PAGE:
This is something that infuriates me, but I channel my rage into my marketing efforts the way any fierce feminista would!
TR: It's been five years since your first book. What have you been doing in that time?
EK: I knew the whole story of Feminista from the first week I started writing, but I would get distracted and then go off it for weeks or months. Over the last few years, I read a lot about ADD [Attention Deficit Disorder] and started taking medication once I realized what a big problem it was for me. Making a living as a writer when you have ADD is like being a mountain climber with one arm! It's sort of a silent killer—a lot of people probably don't even realize what's happening, but it can wreak havoc in so many ways, especially for women who need to be organized and juggle so much. I'm thinking of writing a non-fiction book about that. I would love to become an ADD advocate and go around the country talking to women about it.
TR: You said in a recent post on Essence.com that being a feminista is not about having it all but women balancing whatever their "all" is. What is your all, and how do you balance it?
EK: My "all" would include kids—too bad I don't have any! I've been with the same guy for six years and every single person who has met him—men, women and children—says, "Marry him!" But I really don't care about the ring. To me, children are the strongest bond two people can have. But I think motherhood is something I fear because my own childhood was so wildly dysfunctional. I know how deep an unstable family situation can cut, so I want to make sure I have all my ducks in a row before I head down that path. But, at this point, I need to get it popping!
That's also why it took me a long time to finish Feminista. Because I was having all the same kind of I'm-30+-and-need-to-have-kids anxiety the character was having, so sometimes I needed to step away from it.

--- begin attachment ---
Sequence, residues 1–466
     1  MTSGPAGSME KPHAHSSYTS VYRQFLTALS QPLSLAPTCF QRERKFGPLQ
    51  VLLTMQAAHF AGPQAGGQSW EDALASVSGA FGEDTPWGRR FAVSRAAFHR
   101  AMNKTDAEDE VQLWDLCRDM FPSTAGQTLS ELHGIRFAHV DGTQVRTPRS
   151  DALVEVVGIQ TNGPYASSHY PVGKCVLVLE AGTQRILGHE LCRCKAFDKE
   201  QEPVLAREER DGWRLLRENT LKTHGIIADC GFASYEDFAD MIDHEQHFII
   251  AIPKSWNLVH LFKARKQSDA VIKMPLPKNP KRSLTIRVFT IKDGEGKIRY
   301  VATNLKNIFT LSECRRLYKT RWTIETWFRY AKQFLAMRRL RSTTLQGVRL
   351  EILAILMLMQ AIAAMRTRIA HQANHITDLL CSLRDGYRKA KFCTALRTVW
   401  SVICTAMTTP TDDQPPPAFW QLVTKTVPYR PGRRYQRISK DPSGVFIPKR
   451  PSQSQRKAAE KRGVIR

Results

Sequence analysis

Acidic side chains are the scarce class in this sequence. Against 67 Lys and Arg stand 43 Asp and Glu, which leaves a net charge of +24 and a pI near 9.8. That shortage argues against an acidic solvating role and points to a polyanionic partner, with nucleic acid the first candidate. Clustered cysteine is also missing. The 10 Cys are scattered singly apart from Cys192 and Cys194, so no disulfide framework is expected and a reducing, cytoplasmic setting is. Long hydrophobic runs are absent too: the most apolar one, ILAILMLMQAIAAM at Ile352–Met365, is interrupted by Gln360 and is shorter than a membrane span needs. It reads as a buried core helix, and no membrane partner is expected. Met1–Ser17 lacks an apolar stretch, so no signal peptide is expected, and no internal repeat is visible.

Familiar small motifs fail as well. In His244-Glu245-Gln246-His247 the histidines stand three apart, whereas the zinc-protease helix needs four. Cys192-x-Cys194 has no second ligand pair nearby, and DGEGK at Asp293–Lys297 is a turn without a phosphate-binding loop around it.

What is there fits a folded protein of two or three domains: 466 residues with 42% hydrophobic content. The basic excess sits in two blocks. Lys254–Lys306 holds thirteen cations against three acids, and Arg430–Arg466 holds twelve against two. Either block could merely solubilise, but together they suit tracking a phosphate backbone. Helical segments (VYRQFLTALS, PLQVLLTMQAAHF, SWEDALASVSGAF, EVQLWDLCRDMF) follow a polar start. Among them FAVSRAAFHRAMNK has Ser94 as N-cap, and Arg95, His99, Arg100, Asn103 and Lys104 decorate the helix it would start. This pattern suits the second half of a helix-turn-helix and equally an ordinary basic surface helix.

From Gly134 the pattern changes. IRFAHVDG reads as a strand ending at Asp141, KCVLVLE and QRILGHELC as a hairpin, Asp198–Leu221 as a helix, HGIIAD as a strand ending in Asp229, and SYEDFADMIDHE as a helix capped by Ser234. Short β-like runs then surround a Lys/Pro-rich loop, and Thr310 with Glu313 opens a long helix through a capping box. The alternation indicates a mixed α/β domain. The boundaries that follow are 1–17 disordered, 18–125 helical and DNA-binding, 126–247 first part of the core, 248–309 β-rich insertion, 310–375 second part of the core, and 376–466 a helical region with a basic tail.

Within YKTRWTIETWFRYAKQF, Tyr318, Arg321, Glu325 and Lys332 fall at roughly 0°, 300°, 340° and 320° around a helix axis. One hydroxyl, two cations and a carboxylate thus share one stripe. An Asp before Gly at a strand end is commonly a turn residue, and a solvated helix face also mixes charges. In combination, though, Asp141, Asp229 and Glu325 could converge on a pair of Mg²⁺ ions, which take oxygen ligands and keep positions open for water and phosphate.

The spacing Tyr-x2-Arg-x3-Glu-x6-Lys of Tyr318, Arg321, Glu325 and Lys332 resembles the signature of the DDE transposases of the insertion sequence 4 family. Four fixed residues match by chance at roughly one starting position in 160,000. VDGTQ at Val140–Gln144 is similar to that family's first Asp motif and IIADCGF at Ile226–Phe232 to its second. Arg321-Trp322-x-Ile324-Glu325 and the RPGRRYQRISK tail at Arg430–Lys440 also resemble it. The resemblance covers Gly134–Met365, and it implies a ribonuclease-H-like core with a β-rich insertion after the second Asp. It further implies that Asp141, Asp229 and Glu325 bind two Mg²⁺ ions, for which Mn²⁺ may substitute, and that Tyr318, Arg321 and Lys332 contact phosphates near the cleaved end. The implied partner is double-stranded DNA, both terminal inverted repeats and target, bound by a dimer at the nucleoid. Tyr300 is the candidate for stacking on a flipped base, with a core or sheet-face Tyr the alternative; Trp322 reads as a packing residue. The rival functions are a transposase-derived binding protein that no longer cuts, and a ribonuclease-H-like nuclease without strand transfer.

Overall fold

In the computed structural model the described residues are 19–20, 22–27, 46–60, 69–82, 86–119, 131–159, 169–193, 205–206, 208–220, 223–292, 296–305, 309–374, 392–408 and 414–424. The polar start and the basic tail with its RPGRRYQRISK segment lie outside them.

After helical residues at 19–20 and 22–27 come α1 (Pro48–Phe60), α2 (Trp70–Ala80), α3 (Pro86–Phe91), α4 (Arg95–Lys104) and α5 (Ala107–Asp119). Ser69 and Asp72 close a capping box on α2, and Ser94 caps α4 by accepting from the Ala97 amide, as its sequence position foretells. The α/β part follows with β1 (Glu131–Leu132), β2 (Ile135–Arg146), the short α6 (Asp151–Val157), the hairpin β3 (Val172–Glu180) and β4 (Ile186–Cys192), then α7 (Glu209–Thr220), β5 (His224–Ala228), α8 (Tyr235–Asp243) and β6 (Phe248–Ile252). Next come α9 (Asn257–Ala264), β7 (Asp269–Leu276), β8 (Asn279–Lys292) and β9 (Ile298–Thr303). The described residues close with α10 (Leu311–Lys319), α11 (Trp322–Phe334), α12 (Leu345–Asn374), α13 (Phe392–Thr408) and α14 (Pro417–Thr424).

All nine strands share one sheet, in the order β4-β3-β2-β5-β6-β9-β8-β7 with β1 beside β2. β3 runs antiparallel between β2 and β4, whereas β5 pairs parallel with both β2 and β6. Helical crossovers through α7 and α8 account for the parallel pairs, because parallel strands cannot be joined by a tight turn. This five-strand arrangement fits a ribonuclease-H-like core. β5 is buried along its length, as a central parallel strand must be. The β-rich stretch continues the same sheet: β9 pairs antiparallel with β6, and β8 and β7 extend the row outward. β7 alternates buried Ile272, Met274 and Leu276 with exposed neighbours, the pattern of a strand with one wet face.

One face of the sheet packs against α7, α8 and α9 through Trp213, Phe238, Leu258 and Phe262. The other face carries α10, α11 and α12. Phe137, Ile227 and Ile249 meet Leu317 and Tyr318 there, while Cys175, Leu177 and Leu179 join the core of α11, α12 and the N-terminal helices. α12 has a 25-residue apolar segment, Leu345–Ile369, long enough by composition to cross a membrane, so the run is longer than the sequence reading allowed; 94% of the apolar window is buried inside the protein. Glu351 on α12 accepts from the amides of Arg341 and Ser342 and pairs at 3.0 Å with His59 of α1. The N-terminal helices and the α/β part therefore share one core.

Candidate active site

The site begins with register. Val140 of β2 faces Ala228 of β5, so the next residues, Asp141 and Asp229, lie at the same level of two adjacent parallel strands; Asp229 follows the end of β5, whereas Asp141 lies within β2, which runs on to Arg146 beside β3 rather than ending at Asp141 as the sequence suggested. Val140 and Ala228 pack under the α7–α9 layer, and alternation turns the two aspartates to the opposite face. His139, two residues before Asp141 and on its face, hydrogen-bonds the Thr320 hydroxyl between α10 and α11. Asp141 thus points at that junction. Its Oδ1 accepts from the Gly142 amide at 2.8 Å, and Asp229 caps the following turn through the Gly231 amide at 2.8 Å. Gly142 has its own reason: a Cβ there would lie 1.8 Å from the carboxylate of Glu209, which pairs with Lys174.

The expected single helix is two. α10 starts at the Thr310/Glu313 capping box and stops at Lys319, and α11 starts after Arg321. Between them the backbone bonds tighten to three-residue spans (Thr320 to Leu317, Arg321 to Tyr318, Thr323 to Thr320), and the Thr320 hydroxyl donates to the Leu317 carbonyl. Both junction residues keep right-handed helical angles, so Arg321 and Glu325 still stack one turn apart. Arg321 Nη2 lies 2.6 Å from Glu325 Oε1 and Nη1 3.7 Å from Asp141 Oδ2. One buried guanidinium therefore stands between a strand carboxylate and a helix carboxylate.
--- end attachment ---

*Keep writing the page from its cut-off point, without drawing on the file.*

TR: You went to Stuyvesant, a high school for gifted students, to Sarah Lawrence and Oxford for a year abroad. Do you feel like your expensive education prepared you for the career you have today?
EK: Not at all! (Laughs) Sarah Lawrence is one of those artsy schools where you never have to declare a major. You just have concentrations … that can change every semester. It's not good prep for the real world. The week before graduation, one of my female professors asked where I saw myself in five years and I said, "Um, married with children?" Can you imagine?! Twenty years later that still hasn't happened!
Writing always came naturally to me. I never took any writing classes and the day I started writing Bling was the first time I'd ever attempted fiction (which is also why I cringe if I have to go back and read it). I wish someone had told me that you can make a living out of that thing that comes so naturally you don't even recognize it as a marketable skill. We should do a whole workshop on that, RW!
TR: I’m in. Hook it up on Facebook! We’ll invite The Root fam.
Rebecca Walker is the author of Baby Love: Choosing Motherhood After a Lifetime of Ambivalence.